Showcasing interactive learning spaces at the Norwegian University of Science and Technology

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“Rank these learning spaces from most to least favourite.”

Those were our instructions for the opening activity at the Active Learning in Interactive Spaces pre-congress workshop at EUNIS19 hosted by the Norwegian University of Science and Technology (NTNU) inTrondheim. Each group had been given photos of five different spaces and we were asked to discuss what we liked and disliked about them. The main themes for the favourite spaces were around flexibility of furniture, space in the room and colour. It was felt that the layout of the space really depends on what you want to be teaching, but that a good teacher could teach in any space. The least favourite spaces lacked flexibility and looked dated.

The activity set the scene for the afternoon’s tour of learning spaces at NTNU and they had a great showcase of spaces.

Our first stop was a room I had seen in photos and it did not disappoint. R2 is an interactive lecture room that had been transformed from a 280 seat lecture theatre into a 160 seat interactive space. The redesign involved a wide group of stakeholders from across the institution who identified three main scenarios for the room: 1. short lectures, 2. group work and 3. sharing back from groups. The result is a tiered room with a series of group tables on each tier. At the front of the room is a traditional lecture area with lectern, PC, AV controls, blackboards and two large screens. The lectern has Skype integration and enables wireless sharing using a Solstice device. The group tables seat six students and have a display screen and whiteboard space for each group. Students can connect their own devices (via cables) to the shared screen. A control panel on the desk enables students to ‘raise their hand’ (displaying a green light to the academic), use the microphone and share their screen to the teacher. On the lectern AV control panel, the lecturer can display the screens of any of the group tables, as well as show a camera view of the table, so you see the group on the main screen when they are speaking.

Next on the tour was a visit to the NTNU Natural Science Library with a variety of spaces for students to cater for different furniture preferences. They even transformed an area previously used to house paper journals into a relaxing space just outside of the Library with beanbags.

One of the most exciting spaces, was Make NTNU. This is a makerspace for students that includes a wide selection of tools and devices from soldering irons to 3D printers to sewing machines. Mentors are available to teach people to use the tools as well as to discuss ideas with. The team run weekly workshops on 3D printing and sewing as well as other workshops on topics such as 3D scan yourself and printing, hydroponics, car workshop. The 3D printers are available 24/7 for those who have taken the course. Everything is provided free, funded by NTNU Natural Science Library.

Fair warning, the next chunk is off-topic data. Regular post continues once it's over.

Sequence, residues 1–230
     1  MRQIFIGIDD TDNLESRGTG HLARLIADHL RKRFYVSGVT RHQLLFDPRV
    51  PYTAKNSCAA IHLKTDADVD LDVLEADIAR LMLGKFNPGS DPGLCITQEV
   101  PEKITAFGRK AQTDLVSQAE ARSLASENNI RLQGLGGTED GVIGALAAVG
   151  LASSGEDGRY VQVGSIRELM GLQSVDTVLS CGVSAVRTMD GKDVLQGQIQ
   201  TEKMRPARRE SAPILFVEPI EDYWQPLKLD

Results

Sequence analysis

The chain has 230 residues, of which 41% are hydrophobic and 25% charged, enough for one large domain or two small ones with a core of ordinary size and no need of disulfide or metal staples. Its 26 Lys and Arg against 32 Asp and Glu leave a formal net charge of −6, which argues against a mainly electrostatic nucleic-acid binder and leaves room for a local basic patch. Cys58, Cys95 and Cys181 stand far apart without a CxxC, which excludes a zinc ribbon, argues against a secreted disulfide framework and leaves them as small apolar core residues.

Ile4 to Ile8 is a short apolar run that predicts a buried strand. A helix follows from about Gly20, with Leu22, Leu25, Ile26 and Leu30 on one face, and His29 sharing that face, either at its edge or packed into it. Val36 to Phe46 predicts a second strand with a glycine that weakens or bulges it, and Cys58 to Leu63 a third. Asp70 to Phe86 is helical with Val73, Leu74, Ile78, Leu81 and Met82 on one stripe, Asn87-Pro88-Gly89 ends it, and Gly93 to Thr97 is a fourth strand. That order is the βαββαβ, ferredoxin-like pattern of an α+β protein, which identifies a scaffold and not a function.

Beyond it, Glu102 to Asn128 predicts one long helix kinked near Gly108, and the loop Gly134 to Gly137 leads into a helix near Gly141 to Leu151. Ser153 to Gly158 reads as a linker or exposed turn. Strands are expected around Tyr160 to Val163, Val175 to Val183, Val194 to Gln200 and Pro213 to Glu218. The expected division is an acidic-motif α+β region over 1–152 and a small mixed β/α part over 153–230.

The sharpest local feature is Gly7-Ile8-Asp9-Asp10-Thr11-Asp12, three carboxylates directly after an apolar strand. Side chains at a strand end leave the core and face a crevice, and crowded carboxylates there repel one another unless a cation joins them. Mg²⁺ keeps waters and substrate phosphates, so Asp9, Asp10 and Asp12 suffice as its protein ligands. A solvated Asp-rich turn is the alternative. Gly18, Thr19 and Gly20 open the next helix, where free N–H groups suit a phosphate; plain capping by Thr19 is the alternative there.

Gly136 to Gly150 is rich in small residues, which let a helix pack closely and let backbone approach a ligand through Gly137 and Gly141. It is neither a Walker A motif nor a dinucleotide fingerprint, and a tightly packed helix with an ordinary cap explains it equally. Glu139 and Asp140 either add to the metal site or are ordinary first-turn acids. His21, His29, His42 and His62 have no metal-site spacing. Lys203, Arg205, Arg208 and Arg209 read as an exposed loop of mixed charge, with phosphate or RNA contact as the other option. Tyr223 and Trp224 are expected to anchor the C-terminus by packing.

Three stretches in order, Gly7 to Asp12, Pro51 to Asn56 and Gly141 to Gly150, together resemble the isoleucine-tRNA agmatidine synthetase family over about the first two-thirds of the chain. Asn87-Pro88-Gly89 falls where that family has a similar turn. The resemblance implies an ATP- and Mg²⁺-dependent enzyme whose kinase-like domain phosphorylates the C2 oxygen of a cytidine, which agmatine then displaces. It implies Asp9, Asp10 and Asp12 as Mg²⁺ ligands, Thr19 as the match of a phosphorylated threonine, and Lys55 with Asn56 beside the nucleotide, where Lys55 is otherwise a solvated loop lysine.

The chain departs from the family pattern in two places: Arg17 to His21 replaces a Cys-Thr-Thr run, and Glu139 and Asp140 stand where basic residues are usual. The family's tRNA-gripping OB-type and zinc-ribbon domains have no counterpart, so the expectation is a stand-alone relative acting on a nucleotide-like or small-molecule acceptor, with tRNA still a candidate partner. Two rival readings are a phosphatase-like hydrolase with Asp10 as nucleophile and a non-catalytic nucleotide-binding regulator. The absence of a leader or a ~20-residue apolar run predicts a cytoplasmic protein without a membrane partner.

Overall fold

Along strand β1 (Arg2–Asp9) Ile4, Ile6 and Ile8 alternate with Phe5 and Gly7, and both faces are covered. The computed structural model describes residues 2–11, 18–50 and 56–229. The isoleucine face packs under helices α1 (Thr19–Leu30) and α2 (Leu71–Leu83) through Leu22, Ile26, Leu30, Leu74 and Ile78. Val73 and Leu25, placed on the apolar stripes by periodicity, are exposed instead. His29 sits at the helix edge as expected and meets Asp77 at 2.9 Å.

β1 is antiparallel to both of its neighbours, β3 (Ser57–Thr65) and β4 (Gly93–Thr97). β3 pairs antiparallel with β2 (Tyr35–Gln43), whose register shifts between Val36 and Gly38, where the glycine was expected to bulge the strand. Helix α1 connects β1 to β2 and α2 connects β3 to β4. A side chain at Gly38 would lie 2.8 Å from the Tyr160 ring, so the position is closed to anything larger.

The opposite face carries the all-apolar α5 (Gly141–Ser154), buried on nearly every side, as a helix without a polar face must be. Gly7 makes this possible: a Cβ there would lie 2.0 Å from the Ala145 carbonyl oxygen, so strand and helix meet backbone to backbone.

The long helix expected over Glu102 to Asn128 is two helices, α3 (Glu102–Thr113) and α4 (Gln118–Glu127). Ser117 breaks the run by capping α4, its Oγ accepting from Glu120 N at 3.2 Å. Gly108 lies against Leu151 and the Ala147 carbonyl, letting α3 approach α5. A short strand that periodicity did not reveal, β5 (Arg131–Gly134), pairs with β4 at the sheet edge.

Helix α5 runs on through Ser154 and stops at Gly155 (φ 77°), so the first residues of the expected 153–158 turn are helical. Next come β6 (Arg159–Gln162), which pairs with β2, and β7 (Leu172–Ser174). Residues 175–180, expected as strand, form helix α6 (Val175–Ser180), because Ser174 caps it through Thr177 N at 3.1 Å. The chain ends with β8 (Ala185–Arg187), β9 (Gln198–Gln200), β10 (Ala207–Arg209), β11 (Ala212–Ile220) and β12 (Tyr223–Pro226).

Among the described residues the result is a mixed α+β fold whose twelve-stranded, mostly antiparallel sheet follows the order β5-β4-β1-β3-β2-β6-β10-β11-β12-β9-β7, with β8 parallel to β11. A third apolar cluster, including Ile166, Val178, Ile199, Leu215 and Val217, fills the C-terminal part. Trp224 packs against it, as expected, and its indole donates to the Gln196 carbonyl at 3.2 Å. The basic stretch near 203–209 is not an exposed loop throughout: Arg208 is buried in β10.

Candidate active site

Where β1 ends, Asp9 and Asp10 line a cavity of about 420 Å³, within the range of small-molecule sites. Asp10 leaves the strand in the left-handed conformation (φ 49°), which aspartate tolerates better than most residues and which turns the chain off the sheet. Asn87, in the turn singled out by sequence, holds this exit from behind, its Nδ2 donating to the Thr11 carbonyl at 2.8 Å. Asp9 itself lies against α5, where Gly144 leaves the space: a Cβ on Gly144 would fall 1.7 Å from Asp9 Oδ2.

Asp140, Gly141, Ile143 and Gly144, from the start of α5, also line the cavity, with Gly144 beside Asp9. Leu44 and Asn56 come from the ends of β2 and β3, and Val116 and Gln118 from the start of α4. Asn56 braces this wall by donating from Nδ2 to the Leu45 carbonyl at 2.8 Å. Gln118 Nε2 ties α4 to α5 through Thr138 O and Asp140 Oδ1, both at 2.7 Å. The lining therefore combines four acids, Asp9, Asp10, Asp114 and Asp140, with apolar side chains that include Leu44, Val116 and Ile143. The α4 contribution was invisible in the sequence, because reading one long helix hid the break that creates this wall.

The final two stops on the tour focussed on discipline specific spaces, starting with the medical VR and simulation lab. The lab is around two years old and was created following a need for a student space for CPR training using RQI system. This is a fully automated CPR training system that enables students to come in whenever they want and practice their CPR skills using an adult or child dummy. The dummies are connected up to a system that provides visual feedback on technique, such as speed of compressions and number of ventilations. Once students are confident in their skills they use the system to undertake a test to confirm their skills and the lab team provide the result to the course facilitator. The lab also includes two VR stations set up with scenario training. In the example we saw, students had to practice their ABC skills using a virtual patient.

Our tour finished at the Music lab that had been refurbished last year in preparation for the new Masters in Music, Communication and Technology taught in partnership with the University of Oslo. The lab enables real time collaboration between students in Oslo and Trondheim to enable them to play in the same band from different locations.

One space I missed out on visiting, but heard plenty about, was the Exam Factory – a dedicated space for digital exams seating 1,400 students.

It was great to see such a variety of spaces and certainly set the scene for the main part of the conference which looked at the ‘campus for the future’.

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One Response

  1. Sarah Ney

    June 11, 2019 10:26 am

    a whole building dedicated to exam and BYOD? Wow
    Also, interesting collaborative lecture space, shows what can be done when space is not at a premium I guess

    Reply

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